RHTLaw Taylor Wessing Intellectual and Property Technology Partner Jack Ow wrote an article published in CIO Asia titled “Privacy, cybercrime and the law in a post-ransomware world”.
The article was first published in the 23 June 2017 edition of CIO Asia.
Privacy, cybercrime and the law in a post-ransomware world
Source: CIO Asia
Date: 23 June 2017
Author: Jack Ow
In an age where data has become a valuable commodity that is the object of cybercrime, organisations and cybersecurity professionals must work within applicable legal frameworks in preventing, detecting and responding to cybercrime and cyberattacks.
This vendorwritten piece has been edited by Executive Networks Media to eliminate product promotion, but readers should note it will likely favour the submitter's approach.
Weeks before the Wannacry ransomware attacks, I became another victim of cybercrime earlier in April 2017.
My bank's SMS notification alerted me to a €2,800 transaction on my credit card in a restaurant in Vienna one afternoon. The last I checked, I was in Singapore. Within the next minute, I was on the phone with the bank. As we were verifying the unauthorised transaction, a second SMS notification alerted us to another €1,300 that was transacted on the same card at the same location.
It was somewhat ironic, because I had highlighted recent amendments to the Singapore Computer Misuse and Cybersecurity Act (CMCA) that was passed by the Singapore parliament just days before the unauthorised credit card transactions. Like most victims of cybercrime, it is unlikely for me to have the full facts behind the unauthorised collection, circulation and use of my credit card details, but I believe that the recent amendments to our cybercrime laws are a necessary step in the correct direction to address the proliferating ease of obtaining valuable and/or sensitive personal data, for commissioning or facilitating other offences.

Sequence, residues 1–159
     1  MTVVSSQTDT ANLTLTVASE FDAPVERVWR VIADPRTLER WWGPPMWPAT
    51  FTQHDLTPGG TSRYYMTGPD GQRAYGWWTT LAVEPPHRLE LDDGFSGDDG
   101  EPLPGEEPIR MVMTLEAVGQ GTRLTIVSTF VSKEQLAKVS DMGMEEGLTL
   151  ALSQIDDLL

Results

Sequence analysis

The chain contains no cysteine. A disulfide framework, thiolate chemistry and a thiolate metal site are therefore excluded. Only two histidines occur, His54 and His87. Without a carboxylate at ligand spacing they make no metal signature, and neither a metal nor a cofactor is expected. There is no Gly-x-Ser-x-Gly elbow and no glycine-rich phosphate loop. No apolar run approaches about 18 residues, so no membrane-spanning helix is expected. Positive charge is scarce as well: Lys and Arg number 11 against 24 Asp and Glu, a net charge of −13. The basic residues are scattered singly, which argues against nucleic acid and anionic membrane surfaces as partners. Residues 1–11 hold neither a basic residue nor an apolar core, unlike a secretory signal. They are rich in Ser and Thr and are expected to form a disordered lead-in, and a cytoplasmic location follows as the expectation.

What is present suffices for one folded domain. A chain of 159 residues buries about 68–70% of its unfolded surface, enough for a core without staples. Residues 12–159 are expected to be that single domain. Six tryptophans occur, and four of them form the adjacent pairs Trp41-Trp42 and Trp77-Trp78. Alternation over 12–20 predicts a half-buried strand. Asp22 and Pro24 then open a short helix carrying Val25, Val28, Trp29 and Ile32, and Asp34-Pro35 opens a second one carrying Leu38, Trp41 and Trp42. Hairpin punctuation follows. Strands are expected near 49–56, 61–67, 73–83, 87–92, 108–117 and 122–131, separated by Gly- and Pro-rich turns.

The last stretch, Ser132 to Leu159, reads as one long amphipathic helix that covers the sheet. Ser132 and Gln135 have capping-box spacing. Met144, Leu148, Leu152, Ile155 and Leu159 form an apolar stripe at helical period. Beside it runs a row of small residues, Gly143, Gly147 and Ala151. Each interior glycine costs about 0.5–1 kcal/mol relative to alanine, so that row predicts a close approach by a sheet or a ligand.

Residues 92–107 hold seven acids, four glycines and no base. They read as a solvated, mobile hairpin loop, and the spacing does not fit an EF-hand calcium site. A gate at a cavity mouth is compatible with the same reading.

Buyer Beware: Using Hacked Personal Data Could Be A Crime
With the changes to our cybercrime laws, there will be, understandably, some initial uncertainty among individuals and companies in the scope and application of the laws, especially if they are in the business of cybersecurity, or have cybersecurity concerns.
One of the main objectives for amending the CMCA is to criminalise dealings in hacked personal data for illicit purposes. In particular, the changes address the roles of, and close the gaps under the existing law against, "middlemen" that trade in such personal data, but are not directly involved in the computer hacking offences. (See: Singapore Parliamentary Debates, Official Report (3 April 2017), 2nd Reading, Computer Misuse and Cybersecurity (Amendment) Bill)).
As a consequence, the legislative changes would also mean that individuals and companies, including cybersecurity professionals, are obliged to exercise due care when dealing with personal data obtained through hacking.